Why would students use GlobalEX?
For a chance to engage with local-global topics and effect change on TCU’s campus and beyond.
For opportunities to connect and form friendships with students from diverse backgrounds
For an opportunity to participate in an extended, intercultural learning experience through travel.
What is the GlobalEX structure?
Each team of 4 students (blending US-based and international) explores and investigates local-global topics together through three phases of learning, while learning how to work together and have fun in a diverse team
Participants create a digital team portfolio so they can share their intercultural, local-global learning story with the community.
Each team prepares a public-sharing event to share their learning with the TCU community and beyond.
What are the three phases?
- Phase One: Explore
- Phase Two: Experience & Exchange
- Phase Three: Extend
Phase I: Explore (In the 2016 pilot year, September 12th – October 3rd)
Teams explore at least two global and/or local-global events in Fort Worth. Types of events students might choose to do include dinner at an international restaurant, discussion panels on campus, and visiting a local refugee center. The goal of Phase I is to invite students to explore different local-global topics while they get to know each other, creating a “third space” of collaborative inquiry. Teams document their Explore stories in their Frogfolio (FF) online team pages.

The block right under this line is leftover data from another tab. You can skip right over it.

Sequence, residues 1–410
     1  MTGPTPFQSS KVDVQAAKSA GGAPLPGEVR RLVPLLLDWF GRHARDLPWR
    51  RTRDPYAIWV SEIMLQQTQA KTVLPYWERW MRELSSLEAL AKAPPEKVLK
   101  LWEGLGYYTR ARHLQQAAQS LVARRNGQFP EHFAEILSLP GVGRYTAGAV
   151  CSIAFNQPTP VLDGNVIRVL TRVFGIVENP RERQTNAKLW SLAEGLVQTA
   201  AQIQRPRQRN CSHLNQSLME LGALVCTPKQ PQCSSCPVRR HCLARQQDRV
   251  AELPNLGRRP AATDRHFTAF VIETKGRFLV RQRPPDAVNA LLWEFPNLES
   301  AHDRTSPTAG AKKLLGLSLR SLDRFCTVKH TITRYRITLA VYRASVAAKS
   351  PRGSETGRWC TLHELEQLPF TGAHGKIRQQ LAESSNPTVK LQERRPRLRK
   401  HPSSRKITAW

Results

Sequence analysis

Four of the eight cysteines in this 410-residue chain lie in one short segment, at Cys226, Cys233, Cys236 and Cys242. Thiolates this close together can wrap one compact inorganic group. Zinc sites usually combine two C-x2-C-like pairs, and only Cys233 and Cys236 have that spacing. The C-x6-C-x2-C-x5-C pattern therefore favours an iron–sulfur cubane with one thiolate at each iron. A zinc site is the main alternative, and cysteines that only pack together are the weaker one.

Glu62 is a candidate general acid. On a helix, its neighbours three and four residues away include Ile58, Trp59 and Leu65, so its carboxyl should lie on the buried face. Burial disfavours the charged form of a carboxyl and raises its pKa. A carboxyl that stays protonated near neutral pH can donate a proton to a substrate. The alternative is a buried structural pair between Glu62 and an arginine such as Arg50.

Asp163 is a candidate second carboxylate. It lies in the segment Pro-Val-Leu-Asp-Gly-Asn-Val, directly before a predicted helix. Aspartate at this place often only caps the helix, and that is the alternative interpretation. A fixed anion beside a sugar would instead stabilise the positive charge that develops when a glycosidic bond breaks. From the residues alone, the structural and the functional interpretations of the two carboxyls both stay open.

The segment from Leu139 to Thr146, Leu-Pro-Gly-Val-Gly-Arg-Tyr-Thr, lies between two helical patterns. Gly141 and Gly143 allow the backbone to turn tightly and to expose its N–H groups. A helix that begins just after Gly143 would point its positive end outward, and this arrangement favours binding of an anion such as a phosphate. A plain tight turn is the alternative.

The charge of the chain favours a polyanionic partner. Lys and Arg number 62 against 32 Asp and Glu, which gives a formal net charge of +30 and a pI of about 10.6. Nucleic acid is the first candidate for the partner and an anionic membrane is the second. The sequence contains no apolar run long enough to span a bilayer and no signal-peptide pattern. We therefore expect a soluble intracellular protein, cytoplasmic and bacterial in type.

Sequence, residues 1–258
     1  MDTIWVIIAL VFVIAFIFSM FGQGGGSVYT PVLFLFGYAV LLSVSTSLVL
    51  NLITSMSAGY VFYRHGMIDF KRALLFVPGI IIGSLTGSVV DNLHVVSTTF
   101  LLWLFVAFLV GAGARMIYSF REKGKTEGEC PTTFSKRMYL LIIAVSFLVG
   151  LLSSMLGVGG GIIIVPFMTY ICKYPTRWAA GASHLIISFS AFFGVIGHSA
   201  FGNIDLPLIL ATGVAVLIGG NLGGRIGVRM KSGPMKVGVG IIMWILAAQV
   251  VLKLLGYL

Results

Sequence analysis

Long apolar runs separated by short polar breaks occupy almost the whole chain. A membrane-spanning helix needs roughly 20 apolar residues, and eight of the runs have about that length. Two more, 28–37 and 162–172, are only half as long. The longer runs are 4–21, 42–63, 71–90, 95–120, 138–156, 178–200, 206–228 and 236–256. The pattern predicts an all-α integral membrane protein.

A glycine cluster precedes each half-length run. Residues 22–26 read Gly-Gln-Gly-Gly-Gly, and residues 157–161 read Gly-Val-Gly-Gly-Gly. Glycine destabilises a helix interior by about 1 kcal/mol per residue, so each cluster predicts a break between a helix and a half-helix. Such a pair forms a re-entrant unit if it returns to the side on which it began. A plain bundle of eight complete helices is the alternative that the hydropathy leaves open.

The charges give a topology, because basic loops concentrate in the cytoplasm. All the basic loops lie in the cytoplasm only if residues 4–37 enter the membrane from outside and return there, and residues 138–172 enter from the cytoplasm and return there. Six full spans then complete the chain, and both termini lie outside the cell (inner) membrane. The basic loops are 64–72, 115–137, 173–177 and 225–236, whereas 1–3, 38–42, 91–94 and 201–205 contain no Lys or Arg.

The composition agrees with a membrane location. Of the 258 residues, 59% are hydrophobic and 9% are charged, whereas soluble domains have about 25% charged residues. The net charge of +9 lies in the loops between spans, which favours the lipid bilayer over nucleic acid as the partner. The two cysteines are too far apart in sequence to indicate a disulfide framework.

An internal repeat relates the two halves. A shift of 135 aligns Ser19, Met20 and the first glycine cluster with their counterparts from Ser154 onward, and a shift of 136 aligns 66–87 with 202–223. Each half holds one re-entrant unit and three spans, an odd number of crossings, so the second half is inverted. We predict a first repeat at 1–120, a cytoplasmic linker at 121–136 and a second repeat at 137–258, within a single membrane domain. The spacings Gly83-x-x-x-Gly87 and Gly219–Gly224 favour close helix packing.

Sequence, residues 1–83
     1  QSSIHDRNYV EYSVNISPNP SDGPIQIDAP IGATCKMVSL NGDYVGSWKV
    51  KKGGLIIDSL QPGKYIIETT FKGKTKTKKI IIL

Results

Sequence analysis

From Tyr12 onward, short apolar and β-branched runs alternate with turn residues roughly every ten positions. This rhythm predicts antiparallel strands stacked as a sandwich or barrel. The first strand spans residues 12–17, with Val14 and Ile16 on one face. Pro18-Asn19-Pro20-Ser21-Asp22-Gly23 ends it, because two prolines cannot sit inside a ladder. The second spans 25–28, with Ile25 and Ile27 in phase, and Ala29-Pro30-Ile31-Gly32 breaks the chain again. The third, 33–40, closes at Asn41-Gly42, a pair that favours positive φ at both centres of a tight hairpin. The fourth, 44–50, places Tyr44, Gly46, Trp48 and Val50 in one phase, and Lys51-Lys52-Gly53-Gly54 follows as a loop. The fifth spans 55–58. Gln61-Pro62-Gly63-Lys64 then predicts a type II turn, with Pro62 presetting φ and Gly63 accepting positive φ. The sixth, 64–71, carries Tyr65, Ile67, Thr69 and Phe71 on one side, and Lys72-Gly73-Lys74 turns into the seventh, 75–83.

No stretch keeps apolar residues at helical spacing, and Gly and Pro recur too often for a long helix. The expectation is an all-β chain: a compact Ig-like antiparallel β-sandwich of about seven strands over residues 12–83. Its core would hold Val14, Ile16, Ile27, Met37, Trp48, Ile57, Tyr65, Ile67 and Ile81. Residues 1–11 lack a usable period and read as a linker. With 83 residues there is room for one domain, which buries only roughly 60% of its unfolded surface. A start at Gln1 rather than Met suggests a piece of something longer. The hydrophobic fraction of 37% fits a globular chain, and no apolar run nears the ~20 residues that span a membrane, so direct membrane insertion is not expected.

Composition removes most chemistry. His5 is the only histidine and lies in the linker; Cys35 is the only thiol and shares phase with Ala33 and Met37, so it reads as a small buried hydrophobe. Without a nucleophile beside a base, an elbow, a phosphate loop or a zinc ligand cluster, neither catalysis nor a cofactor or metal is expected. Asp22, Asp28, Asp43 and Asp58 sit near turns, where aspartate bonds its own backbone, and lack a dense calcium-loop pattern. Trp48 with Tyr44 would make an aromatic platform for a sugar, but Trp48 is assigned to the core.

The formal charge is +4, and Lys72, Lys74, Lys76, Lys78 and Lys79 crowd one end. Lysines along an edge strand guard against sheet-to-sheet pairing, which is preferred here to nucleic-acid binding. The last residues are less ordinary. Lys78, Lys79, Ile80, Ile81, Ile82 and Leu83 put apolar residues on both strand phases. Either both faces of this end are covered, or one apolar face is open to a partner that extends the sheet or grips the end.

Phase II: Experience and Exchange (In the 2016 pilot year, October 3rd – November 11th)
During this stage each team digs deeper into one local-global topic selected by the group. Global Topics can be as simple as learning more about an international foundation in Forth Worth or as sustained as building a project-based partnership with a local refugee center. Teams also submit preliminary plans for the public-sharing events they will host in Phase III. Teams document their progress in this phase in their FF online team pages.
Phase III: Extend (In the 2016 pilot year, November 11th – December 2nd)
Each team makes their learning in Phase II public by hosting a public-sharing event. Examples of public-sharing events include storyboards, art displays, roundtable discussions, group presentations, and websites. After hosting their event, each team documents their learning—about the topic they chose, about collaborative public dissemination, and about intercultural learning, more broadly—in their FF online team pages.
Send us an email at email@example.com.